Beats Of Fury: Hop-Fu and the NYC/Kung-Fu Connection


By Special Correspondent Arturo R. García

The scene from The Prodigal Son starts out typically for kung-fu movies of its’ era: an argument over who has the best fighting skills quickly escalates into demands of empirical evidence. As the strains of Get Ur Freak On start to play, the combatants … wait, say what?

Welcome to Hop-Fu, which takes a seemingly dissonant concept – the use of modern music in chop-socky cinema – and turns it into a whole other kind of storytelling. If you’ve watched films like Black Mask and Volcano High, you have an idea of what Hop-Fu delivers. The difference is, while those movies were scored in regular recording sessions, DJ IXL and DJ Excess do their work together live. At each showing, the two turntablists take a film like Prodigal and add their own soundtrack, running near continuously through the movie, ranging from straight-up hip-hop to drum-n-bass.

“You’re not DJ’ing to make people dance,” Excess said at the group’s San Diego tour stop. “You’re trying to find music to fit a scene. You’ve gotta be on point. If you’re at a club, you can play a bad song and recover. There has to be no ego – you can’t have one person thinking, ‘I’m the jam.’”

stance2As a viewing experience, Excess’ statement rings true. Just as there were moments during the San Diego show that prompted laughter out of recognition – the Missy beat, or a verse from Lodi Dodi playing over a particular character’s dialogue – there were also times when the beats flowed with the onscreen action so well as to almost feel natural to the scene. Instead of appropriating the film, the new music augmented the experience.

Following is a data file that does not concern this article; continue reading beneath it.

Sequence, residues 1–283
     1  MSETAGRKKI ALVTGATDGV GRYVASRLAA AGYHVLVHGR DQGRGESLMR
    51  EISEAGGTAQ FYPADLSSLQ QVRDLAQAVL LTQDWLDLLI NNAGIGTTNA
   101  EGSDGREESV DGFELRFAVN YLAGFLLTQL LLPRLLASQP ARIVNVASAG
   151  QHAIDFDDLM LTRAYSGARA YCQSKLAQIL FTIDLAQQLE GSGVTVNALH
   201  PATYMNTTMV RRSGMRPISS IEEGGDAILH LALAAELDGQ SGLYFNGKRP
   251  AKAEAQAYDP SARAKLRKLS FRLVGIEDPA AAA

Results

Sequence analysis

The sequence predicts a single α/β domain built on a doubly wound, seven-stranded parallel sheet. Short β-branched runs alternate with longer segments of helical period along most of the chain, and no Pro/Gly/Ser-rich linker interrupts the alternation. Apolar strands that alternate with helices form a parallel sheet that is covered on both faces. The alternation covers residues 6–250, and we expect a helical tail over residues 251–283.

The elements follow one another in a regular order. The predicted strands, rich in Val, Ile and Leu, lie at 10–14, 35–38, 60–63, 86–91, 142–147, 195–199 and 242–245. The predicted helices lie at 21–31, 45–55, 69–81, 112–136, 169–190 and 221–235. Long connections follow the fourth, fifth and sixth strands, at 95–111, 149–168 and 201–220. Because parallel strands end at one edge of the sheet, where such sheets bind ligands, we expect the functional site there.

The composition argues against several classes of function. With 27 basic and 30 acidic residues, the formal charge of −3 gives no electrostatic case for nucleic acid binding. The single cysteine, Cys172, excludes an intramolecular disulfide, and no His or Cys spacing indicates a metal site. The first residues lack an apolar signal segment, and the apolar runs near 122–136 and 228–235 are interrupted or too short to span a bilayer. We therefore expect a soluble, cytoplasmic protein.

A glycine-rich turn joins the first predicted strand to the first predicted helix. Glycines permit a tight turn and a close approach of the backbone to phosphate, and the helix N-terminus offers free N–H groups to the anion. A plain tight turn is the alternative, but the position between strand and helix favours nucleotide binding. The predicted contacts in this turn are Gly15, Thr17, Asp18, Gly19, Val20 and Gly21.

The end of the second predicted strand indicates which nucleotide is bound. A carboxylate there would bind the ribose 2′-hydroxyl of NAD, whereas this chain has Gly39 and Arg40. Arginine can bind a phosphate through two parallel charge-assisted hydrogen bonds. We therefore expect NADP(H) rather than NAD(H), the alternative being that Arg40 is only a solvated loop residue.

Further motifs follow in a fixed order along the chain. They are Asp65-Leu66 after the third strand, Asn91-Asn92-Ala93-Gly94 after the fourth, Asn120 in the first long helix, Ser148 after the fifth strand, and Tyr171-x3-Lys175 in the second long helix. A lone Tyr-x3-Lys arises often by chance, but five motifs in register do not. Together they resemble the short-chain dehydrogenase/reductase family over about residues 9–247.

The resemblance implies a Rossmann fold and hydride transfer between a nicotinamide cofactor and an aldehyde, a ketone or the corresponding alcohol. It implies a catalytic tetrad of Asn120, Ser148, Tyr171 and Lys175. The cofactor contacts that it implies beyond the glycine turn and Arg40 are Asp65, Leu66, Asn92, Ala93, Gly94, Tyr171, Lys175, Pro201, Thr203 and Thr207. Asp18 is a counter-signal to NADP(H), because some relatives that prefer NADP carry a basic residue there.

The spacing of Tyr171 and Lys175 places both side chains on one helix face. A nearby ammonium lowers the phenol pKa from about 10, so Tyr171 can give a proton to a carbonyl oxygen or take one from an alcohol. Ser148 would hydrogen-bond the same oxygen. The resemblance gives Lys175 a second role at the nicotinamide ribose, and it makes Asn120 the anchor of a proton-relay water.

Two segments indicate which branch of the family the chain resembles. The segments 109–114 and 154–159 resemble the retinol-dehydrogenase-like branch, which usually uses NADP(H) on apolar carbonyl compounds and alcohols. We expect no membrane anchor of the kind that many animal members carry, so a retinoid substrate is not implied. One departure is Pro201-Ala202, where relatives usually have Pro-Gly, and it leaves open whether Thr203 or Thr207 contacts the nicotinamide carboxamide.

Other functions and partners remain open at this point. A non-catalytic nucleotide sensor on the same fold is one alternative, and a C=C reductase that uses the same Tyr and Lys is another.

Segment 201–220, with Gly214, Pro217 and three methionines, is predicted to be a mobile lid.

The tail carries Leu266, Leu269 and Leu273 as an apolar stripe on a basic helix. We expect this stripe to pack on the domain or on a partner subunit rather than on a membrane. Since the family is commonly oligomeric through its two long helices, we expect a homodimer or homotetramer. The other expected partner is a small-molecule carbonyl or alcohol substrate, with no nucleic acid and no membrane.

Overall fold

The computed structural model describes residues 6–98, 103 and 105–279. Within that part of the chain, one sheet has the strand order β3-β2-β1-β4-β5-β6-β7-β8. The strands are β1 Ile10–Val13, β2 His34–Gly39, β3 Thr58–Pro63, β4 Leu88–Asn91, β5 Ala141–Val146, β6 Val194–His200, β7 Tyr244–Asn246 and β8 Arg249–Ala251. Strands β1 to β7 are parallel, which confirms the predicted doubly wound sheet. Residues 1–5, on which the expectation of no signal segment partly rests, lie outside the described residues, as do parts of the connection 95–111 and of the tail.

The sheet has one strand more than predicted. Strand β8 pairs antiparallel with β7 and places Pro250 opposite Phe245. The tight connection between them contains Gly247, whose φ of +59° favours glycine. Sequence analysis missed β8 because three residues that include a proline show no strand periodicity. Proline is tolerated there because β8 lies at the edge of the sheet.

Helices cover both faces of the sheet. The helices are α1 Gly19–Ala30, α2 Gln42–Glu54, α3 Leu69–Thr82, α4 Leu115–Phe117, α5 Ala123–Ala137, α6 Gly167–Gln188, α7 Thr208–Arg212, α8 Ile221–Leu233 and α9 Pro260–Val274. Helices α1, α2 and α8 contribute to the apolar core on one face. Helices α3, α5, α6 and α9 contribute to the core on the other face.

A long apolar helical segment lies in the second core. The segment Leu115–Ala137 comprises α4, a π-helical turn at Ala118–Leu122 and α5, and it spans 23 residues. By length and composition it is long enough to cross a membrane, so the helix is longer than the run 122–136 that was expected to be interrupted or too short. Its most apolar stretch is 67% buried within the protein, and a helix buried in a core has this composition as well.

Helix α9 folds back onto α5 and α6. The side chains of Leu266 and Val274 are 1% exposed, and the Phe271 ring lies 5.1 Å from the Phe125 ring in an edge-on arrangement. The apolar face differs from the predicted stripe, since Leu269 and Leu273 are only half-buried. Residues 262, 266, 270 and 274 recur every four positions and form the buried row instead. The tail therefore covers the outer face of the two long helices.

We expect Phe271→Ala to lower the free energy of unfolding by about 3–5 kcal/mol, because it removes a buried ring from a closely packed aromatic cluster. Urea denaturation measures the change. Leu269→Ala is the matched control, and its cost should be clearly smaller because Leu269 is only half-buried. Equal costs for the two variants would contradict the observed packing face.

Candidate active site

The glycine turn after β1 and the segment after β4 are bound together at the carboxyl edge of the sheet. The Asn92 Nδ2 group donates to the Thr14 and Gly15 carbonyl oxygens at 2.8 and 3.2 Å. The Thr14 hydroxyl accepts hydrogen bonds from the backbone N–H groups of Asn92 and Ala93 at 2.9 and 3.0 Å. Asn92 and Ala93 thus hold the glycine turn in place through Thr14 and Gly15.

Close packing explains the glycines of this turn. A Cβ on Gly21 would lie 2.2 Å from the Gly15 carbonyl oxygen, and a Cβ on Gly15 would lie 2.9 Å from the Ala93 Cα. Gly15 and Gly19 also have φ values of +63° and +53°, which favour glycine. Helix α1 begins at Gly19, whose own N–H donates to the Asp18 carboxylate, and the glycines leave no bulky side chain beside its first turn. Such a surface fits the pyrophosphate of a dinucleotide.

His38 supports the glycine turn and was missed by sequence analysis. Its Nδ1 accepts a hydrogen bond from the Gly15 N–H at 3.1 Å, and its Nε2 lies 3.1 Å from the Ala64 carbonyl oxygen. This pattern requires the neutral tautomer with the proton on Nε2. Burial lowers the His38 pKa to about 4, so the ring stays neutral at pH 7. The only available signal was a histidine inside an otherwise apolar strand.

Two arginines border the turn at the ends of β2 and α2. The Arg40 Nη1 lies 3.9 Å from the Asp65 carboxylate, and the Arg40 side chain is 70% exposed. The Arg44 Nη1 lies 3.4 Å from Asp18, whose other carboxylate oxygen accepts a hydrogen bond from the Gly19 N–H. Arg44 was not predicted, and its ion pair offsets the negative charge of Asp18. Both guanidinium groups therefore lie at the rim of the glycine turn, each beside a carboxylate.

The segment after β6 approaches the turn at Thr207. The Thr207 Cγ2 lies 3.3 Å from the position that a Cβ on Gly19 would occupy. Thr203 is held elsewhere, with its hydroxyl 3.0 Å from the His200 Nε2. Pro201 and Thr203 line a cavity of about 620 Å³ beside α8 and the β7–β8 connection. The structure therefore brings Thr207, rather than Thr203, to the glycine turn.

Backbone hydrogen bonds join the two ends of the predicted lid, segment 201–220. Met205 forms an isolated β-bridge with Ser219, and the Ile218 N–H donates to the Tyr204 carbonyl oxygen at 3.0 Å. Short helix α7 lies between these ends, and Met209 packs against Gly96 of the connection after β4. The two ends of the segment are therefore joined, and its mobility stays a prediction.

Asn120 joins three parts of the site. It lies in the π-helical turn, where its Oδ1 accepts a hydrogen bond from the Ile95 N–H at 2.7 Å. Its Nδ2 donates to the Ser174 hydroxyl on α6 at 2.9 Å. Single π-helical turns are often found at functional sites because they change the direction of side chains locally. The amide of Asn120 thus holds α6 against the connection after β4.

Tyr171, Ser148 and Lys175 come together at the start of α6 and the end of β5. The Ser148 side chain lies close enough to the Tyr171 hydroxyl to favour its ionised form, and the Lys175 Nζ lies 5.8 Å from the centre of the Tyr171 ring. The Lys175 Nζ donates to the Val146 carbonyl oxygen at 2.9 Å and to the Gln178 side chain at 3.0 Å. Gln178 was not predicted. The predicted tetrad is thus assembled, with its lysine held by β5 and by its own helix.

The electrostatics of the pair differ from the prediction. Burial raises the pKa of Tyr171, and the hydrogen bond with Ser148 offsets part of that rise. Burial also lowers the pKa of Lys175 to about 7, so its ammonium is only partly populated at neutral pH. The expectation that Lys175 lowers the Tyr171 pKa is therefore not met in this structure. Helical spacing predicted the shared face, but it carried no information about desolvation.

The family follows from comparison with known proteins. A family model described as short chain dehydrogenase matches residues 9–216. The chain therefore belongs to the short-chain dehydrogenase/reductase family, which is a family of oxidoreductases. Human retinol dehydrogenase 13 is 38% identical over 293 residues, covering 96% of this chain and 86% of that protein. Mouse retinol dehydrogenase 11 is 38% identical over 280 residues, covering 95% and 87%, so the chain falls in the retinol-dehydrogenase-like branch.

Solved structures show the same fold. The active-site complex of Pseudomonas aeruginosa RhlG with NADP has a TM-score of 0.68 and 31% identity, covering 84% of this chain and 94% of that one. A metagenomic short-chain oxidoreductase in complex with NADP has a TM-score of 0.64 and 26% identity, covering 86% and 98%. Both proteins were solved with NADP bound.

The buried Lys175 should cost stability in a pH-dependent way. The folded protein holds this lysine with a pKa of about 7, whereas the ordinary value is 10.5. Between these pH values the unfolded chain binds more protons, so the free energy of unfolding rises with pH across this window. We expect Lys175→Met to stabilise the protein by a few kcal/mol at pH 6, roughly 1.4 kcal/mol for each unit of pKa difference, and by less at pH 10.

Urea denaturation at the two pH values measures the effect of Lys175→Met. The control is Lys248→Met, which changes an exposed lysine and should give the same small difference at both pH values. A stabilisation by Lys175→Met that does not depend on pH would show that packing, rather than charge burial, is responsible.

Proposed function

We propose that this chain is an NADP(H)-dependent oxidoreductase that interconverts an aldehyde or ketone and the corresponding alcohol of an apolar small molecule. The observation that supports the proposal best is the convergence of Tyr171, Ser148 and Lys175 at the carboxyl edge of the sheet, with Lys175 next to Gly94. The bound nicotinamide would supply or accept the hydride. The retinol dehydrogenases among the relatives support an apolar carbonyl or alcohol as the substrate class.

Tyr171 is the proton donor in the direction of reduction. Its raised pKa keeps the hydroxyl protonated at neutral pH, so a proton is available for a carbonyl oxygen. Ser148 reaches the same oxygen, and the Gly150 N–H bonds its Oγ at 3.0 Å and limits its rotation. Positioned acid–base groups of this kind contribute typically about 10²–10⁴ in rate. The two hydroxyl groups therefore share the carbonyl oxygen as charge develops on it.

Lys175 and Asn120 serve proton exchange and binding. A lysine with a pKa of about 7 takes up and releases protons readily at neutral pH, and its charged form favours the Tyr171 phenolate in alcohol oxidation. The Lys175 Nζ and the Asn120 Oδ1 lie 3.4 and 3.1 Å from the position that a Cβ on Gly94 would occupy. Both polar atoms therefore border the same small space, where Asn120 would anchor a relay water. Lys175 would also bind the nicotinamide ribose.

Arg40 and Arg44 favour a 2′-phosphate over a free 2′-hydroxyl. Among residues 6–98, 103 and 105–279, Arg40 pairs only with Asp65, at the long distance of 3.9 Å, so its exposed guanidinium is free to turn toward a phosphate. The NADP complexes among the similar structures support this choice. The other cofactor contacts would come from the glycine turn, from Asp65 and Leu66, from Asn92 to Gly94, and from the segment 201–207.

Both IXL and Excess, as well as Hop-Fu’s co-creator, filmmaker John Carluccio, have long-standing roots in the scene: the two Djs have competed internationally in turntable competitions, and Excess is currently a teacher at the Scratch Academy in New York, while IXL regularly spins in the city. For his part, Carluccio was responsible for the seminal documentary Battle Sounds, which earned praise for its’ following of the DJ community in the 1990s.

Carluccio says none of the three would consider himself an expert in the kung-fu genre, but like other New Yorkers in the ’80s, they’d watch whenever WNYW, Channel 5, would show an old martial-arts movies. This choice of niche programming, one might suggest, led b-boy teams like the original Rock Steady Crew to introduce kung-fu influenced dance styles in the early part of the decade. Is it really any surprise, then, that a young Robert Diggs would grow up to lead a crew out of “Shaolin” and run soundtracks for Quentin Tarantino films?

Carluccio, who says Hop-Fu speaks to the music collector and the film collector, doesn’t seem to think so: “The turntablist as a composer was something I saw as inevitable,” he says. “The idea was to get the talent to that point.”